And I was all, OMG.

I was drinking margaritas in a bar at the Seattle airport on my way back from a translation thing, trying to stream Extreme Rules on the clunky SEATAC wifi and watching the breathtaking site traffic. When Lana said what she said, EVERYTHING WENT CRAZY. I had trouble accessing the site for a little while. When I could get in to check there were suddenly 300 hits in just a few minutes, and another 700 before I got on the plane. When it was all said and done, the traffic for Extreme Rules looked like this:Screen Shot 2016-05-26 at 3.59.06 PMThat huge spike represents the 2,883 people who visited the blog on Extreme Rules day, during which Rusev also yelled “MACHKA!” really loud right at the camera after he beat Kalisto.

It’s too soon to tell where things will level out, but the last few days appear to show a new normal, with daily traffic tallies of 648, 339, 431, and a 910 caused by Smackdown. Remember, I was pleased with 50-100 hit days a month ago. And May isn’t even over yet, but we’ve already skunked our monthly totals hard: Screen Shot 2016-05-26 at 4.15.15 PM

Our previous best month was 2,523 hits in December of 2015. We beat that in one day with the Extreme Rules bump. At the time of this writing we have topped 12,000 hits this month. Unreal.

It was our content about Rusev and Lana that originally put this blog on the radar. But at Extreme Rules they personally put us over big time. Hardcore, dude. Legit. This was a real gift to us from the wrestling gods, whether or not Lana and Rusev stopped to notice they were doing something awesome for somebody. The majority of the traffic they are sending us comes strictly to discover factual information about what Rusev is saying, but every day a respectable handful of folks stick around to browse the site and hit numerous other posts, so this gift of mad traffic from the Bulgarian Brute and his lady is internet patronage for which I am truly grateful.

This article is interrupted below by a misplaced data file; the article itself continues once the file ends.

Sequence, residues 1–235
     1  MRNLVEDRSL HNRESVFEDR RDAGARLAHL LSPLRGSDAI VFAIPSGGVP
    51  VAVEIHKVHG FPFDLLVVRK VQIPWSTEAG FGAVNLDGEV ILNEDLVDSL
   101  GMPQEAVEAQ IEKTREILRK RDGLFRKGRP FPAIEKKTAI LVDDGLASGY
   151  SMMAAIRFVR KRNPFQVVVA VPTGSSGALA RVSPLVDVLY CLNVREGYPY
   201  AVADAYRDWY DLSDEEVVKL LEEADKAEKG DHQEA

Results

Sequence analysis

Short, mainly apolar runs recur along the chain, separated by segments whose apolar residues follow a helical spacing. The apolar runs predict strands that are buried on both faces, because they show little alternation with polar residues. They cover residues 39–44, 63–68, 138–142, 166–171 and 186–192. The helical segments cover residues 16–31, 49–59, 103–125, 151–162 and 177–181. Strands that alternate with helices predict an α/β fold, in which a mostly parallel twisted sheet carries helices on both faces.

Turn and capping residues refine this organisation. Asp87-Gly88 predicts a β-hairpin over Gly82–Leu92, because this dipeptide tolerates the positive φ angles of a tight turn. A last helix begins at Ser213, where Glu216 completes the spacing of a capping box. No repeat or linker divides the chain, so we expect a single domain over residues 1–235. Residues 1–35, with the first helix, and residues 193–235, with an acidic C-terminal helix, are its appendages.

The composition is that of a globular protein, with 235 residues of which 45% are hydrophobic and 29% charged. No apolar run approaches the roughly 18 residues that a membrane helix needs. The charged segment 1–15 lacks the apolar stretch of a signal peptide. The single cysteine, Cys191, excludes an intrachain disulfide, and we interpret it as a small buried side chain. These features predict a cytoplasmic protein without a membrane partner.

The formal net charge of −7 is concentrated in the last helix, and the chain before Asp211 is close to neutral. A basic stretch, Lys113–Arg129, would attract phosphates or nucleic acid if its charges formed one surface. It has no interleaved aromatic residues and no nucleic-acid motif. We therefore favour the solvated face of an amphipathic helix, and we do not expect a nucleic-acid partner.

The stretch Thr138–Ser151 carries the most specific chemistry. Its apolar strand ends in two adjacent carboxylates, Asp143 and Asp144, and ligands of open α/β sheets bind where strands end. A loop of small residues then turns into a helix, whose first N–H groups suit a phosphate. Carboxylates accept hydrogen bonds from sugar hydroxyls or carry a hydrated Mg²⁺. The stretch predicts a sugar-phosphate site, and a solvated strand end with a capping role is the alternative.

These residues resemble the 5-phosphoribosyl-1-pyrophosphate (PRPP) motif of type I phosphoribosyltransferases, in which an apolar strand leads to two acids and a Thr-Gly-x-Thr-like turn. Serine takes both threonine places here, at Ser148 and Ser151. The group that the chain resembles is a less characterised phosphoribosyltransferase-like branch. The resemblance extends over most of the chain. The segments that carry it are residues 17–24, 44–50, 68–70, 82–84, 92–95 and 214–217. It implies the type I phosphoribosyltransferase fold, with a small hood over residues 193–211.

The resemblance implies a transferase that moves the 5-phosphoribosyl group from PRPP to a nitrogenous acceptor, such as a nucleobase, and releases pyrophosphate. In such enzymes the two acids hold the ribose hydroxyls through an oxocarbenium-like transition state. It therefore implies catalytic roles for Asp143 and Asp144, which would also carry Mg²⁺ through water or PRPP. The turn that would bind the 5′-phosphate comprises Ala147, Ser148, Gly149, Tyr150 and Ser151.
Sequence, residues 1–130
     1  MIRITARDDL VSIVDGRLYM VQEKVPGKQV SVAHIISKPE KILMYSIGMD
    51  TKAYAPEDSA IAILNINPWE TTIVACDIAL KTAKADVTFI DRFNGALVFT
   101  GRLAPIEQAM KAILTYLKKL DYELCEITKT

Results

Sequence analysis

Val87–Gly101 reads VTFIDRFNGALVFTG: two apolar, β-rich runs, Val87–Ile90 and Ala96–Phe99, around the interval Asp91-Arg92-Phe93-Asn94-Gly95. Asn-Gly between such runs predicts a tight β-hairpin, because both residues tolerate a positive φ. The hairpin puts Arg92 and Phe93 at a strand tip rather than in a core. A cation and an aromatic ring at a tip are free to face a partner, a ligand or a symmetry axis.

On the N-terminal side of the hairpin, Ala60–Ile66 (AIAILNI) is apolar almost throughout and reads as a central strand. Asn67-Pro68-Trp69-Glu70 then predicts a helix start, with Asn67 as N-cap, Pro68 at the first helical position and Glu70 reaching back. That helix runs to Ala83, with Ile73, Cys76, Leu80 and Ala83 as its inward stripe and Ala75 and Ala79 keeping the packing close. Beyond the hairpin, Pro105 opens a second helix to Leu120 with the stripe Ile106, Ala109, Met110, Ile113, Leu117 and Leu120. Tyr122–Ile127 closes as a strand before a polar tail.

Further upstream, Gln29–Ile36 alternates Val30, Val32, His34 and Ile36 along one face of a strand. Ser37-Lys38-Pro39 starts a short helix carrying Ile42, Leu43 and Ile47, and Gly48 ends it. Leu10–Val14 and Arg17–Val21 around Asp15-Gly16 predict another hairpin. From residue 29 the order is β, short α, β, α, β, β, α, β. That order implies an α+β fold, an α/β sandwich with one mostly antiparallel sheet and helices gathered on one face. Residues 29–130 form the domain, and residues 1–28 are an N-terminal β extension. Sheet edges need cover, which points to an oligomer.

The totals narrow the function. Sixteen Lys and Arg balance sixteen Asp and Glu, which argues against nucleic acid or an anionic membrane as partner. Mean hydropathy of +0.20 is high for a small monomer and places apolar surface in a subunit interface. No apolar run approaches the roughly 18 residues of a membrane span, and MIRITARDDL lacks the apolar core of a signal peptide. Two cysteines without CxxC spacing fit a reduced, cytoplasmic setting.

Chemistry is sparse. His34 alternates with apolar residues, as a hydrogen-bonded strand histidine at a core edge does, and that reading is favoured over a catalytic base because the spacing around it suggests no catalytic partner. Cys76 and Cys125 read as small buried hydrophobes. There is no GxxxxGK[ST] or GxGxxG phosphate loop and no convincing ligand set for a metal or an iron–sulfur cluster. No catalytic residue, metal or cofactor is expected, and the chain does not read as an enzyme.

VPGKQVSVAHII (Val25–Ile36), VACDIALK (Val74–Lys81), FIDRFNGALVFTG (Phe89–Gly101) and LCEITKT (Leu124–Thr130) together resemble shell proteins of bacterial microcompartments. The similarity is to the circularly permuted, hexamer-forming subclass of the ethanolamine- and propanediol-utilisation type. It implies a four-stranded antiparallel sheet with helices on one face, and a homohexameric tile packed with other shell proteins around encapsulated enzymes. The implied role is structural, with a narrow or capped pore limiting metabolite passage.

The whole affair is certainly germane to our project of Wrestling Theory here as well. Look, I don’t have the spare mental bandwidth at this time to conjure up a paragraph about the semiotics of Machka, and frankly I don’t think most of you probably have the patience for such chicanery either. But if structural linguistics happens to be your thing, have a little think about the word Machka in terms of this iconic diagram from Ferdinand de Sassure’s Course In General Linguistics (trans. Wade Baskin, McGraw-Hill 1966), for example:IMG_0291

And also, the progress of Machka would be totally relevant in the big kahuna sign-signifier-signified diagram in Roland Barthes’ Mythologies (trans. Annette Lavers, Hill and Wang 1972):

IMG_0288You guys see where I’m going with this, right?

A more thorough study would search the appearances of Lana and Rusev during the substantial spikes in traffic for correlation and causation, and would try to come to kind of conclusion about the semiotic wonders of the whole affair. But come on, who are we kidding here. Wrestling moves too fast for such a thoughtful study, and besides, I’m not on top of things enough to keep the relevant episodes of RAW and Smackdown from dropping off my overcrowded TiVo. So let’s consider this post a mere collection of data about an obscure word’s rise to prominence in a popular culture not its own. And also, let’s file this under Wrestling Linguistics, a topic I’d like for us to start talking about.

On a similar topic, hit me up on Twitter (@andreagregovich) with your thoughts about the poetics of They Don’t Want None. I am captivated by the strange beauty of these words. Namaste.